Friday, July 3, 1998
This is the day that I have been waiting for. I'm going to get on Main Stage and see MC Hammer! I'm going to dance my feet off and I don't care what you think. When it comes to getting the chance to see a show put on by the man who was one of my many musical idols at age 12, I don't care what it takes - I'm going to do it!
And do it I did. But I'm jumping ahead of myself. There was so much to love about today. I don't know where to start. Well, the New Band Showcase might be a good idea. It was muggy and threatening when the fabulous folk troupe from the city of New York took the stage - introduced to Cornerstone by longtime favorite Brooks Williams, Spinoza was here for their first time and loving it. It was great to have the East Coast represented by more than just Burlap to Cashmere (more about that later!). A thunderstorm cut their plugged in set short. They moved up to the front of the stage and finished it off acoustically. Those that packed up close enough to the stage were given their money's worth. Ramie Schick, the little girl from Texas who could go toe to toe with Ashley Cleveland or Bonnie Raitt any day, blew the thunder away with her enormous voice and big guitars. The Rest was next, playing jazz-rock-folk fusion with a trumpet. They were every bit as wonderful as I'd expected from hearing their EP. I left Pegtop to the older folks, and went on to other pursuits. Making my way to the coffeehouse, I saw Ashley Cleveland belting it out, albeit acoustically, at the PRISM Magazine Tent which is always fun.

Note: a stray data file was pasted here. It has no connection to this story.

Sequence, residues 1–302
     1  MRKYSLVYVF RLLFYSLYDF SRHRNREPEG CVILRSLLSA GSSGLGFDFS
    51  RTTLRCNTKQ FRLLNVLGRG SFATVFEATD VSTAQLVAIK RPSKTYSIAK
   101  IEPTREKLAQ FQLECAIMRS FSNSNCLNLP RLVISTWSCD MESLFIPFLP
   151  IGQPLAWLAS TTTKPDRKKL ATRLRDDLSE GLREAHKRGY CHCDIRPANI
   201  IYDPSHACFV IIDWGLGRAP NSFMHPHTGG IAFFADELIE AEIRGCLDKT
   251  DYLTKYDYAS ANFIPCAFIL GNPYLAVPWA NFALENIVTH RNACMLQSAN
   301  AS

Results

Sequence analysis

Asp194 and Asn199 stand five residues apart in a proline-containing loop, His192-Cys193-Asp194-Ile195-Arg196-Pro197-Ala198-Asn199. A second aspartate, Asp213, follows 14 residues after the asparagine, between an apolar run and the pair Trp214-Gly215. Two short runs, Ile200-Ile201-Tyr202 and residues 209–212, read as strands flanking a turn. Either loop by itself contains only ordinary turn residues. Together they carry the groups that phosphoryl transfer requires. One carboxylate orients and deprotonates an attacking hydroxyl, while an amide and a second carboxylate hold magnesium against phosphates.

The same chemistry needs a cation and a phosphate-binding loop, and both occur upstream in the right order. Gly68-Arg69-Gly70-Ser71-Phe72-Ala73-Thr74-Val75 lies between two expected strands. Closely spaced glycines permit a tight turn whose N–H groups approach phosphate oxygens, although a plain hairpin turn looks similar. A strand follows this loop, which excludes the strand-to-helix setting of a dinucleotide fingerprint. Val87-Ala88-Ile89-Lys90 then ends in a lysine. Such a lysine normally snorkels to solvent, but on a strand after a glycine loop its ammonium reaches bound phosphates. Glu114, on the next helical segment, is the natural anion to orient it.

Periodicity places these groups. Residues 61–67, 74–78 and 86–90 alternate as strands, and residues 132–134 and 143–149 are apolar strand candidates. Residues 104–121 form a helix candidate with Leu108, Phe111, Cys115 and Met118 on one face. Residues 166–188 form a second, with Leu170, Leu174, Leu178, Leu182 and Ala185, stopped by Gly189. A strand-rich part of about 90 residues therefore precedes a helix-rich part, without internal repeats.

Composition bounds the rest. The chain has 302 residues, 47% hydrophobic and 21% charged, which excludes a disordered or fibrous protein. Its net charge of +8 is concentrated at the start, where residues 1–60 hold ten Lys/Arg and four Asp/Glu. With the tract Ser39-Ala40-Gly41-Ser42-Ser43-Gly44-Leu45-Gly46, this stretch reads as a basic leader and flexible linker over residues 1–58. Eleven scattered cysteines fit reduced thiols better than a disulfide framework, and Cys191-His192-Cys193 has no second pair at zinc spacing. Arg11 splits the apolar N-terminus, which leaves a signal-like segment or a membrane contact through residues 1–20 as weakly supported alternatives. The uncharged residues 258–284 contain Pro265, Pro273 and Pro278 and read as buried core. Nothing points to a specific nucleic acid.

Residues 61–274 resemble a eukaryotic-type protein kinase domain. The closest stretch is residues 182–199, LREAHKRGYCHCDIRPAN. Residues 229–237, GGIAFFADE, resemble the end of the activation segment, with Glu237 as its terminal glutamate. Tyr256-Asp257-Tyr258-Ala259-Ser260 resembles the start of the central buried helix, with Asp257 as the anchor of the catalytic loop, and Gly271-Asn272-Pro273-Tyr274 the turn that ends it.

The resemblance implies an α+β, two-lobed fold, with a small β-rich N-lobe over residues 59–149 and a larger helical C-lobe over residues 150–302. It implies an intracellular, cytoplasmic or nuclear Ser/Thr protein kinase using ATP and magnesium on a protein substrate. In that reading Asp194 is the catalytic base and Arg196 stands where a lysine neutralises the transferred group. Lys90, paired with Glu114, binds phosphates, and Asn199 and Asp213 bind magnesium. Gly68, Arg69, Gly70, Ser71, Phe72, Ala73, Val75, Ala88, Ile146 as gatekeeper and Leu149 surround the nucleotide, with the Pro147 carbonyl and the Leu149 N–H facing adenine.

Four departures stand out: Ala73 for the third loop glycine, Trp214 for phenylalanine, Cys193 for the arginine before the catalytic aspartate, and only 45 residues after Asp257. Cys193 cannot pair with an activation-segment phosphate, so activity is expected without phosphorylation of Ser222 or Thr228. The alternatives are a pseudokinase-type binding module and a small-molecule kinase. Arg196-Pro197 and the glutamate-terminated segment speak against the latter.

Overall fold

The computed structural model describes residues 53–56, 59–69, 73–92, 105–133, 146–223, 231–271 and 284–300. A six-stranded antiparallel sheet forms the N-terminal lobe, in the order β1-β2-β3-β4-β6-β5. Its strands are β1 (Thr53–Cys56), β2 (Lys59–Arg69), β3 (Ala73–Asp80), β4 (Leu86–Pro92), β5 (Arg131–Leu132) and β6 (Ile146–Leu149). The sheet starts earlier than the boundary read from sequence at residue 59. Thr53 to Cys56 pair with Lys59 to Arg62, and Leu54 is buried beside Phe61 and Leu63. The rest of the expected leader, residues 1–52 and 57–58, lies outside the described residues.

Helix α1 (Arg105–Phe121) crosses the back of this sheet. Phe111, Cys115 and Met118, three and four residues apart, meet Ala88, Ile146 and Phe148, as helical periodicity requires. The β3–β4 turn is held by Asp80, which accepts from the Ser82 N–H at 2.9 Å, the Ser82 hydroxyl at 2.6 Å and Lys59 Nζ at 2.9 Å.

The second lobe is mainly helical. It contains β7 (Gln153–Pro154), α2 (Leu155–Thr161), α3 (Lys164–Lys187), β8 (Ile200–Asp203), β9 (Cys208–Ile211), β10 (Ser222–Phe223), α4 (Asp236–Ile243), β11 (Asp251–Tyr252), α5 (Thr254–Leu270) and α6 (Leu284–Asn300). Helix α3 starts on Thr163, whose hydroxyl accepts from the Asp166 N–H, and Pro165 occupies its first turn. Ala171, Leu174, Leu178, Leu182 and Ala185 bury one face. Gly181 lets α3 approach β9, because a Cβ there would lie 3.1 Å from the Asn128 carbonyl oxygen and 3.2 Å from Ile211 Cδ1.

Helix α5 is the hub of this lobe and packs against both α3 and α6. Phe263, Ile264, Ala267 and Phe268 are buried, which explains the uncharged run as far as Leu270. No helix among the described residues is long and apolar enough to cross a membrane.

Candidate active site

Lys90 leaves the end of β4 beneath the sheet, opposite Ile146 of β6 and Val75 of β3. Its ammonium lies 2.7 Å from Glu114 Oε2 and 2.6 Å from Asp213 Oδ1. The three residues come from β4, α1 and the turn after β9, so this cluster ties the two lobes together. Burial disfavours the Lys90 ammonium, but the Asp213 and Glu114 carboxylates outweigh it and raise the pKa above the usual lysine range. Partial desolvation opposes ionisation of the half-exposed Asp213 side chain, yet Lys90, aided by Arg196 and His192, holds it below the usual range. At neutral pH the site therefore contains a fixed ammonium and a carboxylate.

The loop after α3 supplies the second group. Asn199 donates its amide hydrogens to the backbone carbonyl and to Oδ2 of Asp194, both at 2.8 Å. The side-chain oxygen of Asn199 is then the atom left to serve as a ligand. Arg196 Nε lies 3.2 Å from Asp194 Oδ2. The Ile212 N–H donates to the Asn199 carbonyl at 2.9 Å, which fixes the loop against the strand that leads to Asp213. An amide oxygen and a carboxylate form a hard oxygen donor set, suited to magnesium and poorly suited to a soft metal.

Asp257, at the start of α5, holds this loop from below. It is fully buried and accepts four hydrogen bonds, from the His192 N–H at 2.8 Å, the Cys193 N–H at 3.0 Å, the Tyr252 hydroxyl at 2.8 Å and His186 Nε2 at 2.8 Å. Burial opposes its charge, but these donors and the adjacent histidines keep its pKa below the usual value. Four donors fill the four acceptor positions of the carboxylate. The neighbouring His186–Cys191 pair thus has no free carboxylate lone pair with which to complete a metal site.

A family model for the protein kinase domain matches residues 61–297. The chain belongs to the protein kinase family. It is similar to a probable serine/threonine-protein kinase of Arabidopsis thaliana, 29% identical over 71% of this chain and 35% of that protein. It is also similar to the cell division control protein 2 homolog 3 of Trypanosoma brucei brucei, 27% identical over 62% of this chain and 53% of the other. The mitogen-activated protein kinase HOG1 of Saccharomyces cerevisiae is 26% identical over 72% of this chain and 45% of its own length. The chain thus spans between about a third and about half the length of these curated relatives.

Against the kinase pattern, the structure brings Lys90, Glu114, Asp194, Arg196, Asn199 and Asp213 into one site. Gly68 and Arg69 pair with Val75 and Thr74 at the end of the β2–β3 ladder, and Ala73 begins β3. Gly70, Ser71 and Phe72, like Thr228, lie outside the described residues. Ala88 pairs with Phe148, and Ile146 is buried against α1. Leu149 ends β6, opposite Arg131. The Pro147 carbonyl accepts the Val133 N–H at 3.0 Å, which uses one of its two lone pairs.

Most over-hyped band of the year: U2. Oh I'm sorry. I meant deliriou5? I could have sworn that was U2 I just heard! I don't want to knock a band that ministry wise has really had a good impact, but their music is just OK. Anyway, they cleared out to let Five Iron Frenzy get to the business, and they did just that. Personally, I think ska is just another cheesy fad, but I would like to point out that the Supertones and FIF always seem to have a good impact on the kids spiritually. Then we waited, waited, and waited. I was disappointed that we had to wait, but as a gospel music lover, it was worth every one of the 45 minutes before Hammer made his entrance. As a gospel show goes, for electricity and energy, you can't get much better.
I was walking on air, thinking things couldn't get any more exciting, when I realized that I was almost late for the band I have been wanting to hear for six months--Burlap to Cashmere. This is not a band who should just be playing in our coffeehouse. I want the whole world to be able to see this band! I want people to be able to catch a glimpse of some of the most exciting new music out there. Their set was absolutely electrifying. I joined the coffee counter staff in some severe folk moshing - I couldn't stay seated for a minute from the first note to the very end.